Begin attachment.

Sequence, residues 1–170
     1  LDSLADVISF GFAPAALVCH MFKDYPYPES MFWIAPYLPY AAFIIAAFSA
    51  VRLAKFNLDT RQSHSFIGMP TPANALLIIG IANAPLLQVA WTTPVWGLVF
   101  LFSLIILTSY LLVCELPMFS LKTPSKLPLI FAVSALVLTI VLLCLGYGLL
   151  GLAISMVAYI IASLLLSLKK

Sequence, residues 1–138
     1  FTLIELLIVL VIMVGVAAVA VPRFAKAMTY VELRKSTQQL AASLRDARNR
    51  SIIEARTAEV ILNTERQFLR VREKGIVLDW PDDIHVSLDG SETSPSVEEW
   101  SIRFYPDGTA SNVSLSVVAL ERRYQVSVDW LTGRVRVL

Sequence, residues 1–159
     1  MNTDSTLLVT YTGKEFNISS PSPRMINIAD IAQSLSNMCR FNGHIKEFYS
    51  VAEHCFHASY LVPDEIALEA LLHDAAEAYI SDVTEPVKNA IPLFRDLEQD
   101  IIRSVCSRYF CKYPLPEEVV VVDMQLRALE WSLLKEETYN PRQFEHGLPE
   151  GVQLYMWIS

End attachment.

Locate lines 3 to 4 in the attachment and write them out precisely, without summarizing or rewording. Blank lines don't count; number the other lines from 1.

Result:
    51  VRLAKFNLDT RQSHSFIGMP TPANALLIIG IANAPLLQVA WTTPVWGLVF
   101  LFSLIILTSY LLVCELPMFS LKTPSKLPLI FAVSALVLTI VLLCLGYGLL